The National Pension System (NPS) is a voluntary defined contribution pension system administered and regulated by the Pension Fund Regulatory and Development Authority (PFRDA), created by an Act of the Parliament of India. The NPS started with the decision of the Government of India to stop defined benefit pensions for all its employees who joined after 1 January 2004. While the scheme was initially designed for government employees only, it was opened up for all citizens of India in 2009. NPS is an attempt by the government to create a pensioned society in India. In its overall structure NPS is closer to 401(k) plans of the United States.
Unlike traditional financial products where all the functions (sales, operations, service, fund management, depository) are done by one company, NPS follows an unbundled architecture where each step of the value chain has been made disjointed from the other. This unbundling not only allows the customer to mix and match his providers of service through the value chain, picking the best-suited option, but it also curbs the incidence of misselling.
NPS architecture consists of the NPS Trust, which is entrusted with safeguarding subscribers’ interests, Central Recordkeeping Agencies (CRAs) which maintains the data and records, Point of Presence (POP) as collection, distribution and servicing arms, pension fund managers (PFM) for managing the investments of subscribers, a custodian to take care of the assets purchased by the fund managers, and a trustee bank to manage the banking operations. At age 60 the customer can choose to purchase pension Annuity Service Providers (ASP). NPS investors can’t opt for two pension fund managers, neither can switch to another pension fund before a year. The number of pension fund managers (PFM) has increased to 8 in NPS:
- SBI Pension Funds
- LIC Pension Fund
- UTI Retirement Solutions
- HDFC Pension Fund
- ICICI Prudential Pension Fund
- Kotak Pension Fund
- Reliance capital Pension Fund
SBI Pension Funds is the largest pension fund manager (PFM) in India and its current assets under management(AUM) level is Rs 61,000 crore. At Present, Central government employees have no say in the matter of choice of fund manager or investment allocation in NPS, as both are decided by the government. All the NPS contributions of Central government employees are being distributed evenly across three public sector fund managers :LIC Pension Fund, SBI Pension Fund and UTI Retirement Solutions.
The current CRAs are the National Security Depository Limited (NCRA) and Karvy Computer Shares Pvt Ltd (KCRA). All the major commercial banks, brokers and Stock Holding Corporation Ltd perform the role of PoP. The subscriber can choose any one of them. There are seven fund managers and eight annuity service providers for subscribers to choose from. The subscriber can choose to invest either, wholly or in combination, in four types of investment schemes offered by the pension fund managers. These are:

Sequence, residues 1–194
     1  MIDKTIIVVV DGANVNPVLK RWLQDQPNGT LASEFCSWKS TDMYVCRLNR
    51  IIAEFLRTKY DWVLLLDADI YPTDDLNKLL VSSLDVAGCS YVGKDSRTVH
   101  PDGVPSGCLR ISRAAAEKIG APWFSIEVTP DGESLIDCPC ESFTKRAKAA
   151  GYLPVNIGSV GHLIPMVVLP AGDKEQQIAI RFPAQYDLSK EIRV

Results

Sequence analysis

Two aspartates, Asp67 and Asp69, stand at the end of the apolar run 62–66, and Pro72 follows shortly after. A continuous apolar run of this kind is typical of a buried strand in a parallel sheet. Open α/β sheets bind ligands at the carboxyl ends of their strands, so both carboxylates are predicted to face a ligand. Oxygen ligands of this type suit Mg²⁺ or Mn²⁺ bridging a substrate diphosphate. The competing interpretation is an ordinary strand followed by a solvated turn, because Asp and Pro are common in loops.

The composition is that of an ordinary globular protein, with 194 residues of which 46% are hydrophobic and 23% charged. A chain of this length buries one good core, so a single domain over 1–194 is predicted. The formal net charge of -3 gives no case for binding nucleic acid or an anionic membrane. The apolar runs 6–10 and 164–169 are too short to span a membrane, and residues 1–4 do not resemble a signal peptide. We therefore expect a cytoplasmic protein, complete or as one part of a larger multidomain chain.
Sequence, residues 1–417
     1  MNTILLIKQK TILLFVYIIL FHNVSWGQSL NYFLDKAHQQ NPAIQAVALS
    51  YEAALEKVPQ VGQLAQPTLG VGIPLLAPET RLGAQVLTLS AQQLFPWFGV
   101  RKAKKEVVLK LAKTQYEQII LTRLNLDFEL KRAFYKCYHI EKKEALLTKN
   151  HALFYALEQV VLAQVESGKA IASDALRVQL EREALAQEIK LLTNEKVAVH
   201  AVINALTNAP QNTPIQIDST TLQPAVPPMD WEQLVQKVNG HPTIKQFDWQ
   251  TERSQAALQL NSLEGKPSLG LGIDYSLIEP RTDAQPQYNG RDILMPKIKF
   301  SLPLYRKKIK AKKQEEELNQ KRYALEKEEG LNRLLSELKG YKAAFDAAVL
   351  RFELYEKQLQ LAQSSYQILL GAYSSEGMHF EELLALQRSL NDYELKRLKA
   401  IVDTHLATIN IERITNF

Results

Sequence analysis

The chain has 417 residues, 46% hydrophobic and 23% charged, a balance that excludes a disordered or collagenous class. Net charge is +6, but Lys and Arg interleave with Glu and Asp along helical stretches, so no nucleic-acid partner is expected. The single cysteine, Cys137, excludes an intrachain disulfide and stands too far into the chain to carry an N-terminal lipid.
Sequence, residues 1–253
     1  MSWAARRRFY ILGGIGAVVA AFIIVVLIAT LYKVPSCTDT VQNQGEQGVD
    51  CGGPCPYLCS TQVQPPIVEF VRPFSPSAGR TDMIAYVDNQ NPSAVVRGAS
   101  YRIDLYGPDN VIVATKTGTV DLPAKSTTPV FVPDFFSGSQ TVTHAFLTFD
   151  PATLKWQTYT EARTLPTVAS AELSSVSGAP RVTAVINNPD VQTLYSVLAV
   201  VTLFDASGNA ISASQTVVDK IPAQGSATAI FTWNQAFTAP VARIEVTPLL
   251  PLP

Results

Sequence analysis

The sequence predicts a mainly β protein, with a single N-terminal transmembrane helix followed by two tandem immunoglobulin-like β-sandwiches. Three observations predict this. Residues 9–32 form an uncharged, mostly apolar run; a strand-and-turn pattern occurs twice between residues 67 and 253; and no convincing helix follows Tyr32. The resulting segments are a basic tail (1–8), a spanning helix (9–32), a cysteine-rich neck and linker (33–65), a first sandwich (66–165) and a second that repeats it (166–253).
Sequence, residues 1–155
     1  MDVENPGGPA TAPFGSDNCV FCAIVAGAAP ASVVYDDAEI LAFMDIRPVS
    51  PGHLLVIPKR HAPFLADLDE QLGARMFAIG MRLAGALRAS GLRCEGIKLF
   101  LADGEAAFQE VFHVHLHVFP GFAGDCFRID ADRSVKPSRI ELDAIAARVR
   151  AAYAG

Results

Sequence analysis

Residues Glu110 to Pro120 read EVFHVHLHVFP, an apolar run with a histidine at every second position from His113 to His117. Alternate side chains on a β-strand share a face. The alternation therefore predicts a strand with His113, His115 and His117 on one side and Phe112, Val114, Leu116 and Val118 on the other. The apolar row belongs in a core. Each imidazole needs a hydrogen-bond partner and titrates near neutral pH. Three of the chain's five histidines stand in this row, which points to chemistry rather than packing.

- Scheme E (equity) which allows up to 75% equity participation, this is invested in stocks.
- Scheme C (corporate debt) which invests only in high-quality corporate bonds.
- Scheme G (government/Gilt bonds) which invests only in government bonds.
- Scheme A (Alternative Investment)which allows up to 5% (Newly added asset class only for private sector subscriber with active choice)
Alternatively, the subscriber can opt for the default scheme, whereas per the time left to retirement his portfolio is rebalanced each year for the proportion of equity, corporate bonds, and government bonds.
NPS offers two types of accounts to its subscribers:
- Tier I :The primary account, which is a pension account which has restrictions on withdrawals and utilization of accumulated corpus. All the tax breaks that NPS offers are applicable only to Tier I accounts.
- Tier II: In order to introduce some liquidity to the scheme, the PFRDA allows for a Tier II account where subscribers with pre-existing Tier I accounts can deposit and withdrawn monies as and when they want. NPS Tier II is an investment account, similar to a mutual fund in characteristics.
The contribution to voluntary savings account (also called Tier-II account) can only be made by the subscriber and not by any third party.
PFRDA has introduced new features to NPS in 2016, including more choices to lifecycle funds:
- Aggressive Life Cycle Fund (LC-75) which allows subscribers equity exposure of up to 75% till 35 years of age. This is more suitable to a 20s investor.
- Conservative lifecycle fund with a 25% starting equity exposure, may be suited to older investors.
- Automatically Lifecycle Fund.
The regulator add a new asset class Alternative Investment Funds (AIF) to the existing menu of equities, government securities and corporate bonds, available on NPS.
Who can join NPS?
A citizen of India, whether resident or non-resident can join NPS, subject to the following conditions:
- The subscriber should be between 18 and 60 years old as of the date of submission of his/her application to the Point of Presence (POP) / Point of Presence–Service Provider-Authorized branches of POP for NPS (POP-SP).
- The subscribers should comply with the Know Your Customer (KYC) norms as detailed in the subscriber registration form.
- Un-discharged insolvent and individuals of unsound mind ucannot join NPS.
Premature withdrawal in NPS before age of 60 years required parking 80% of the sum in an annuity. One can withdraw 20 per cent of the corpus before 60 years but he/she must buy annuity with 80 per cent of the corpus. In 2016, the NPS allowed withdrawal of up to 25% of contributions for specified reasons, if the scheme is atleast 10 years old with certain conditions. You can withdraw the complete amount if the pension collected is less than INR 2,00,000.
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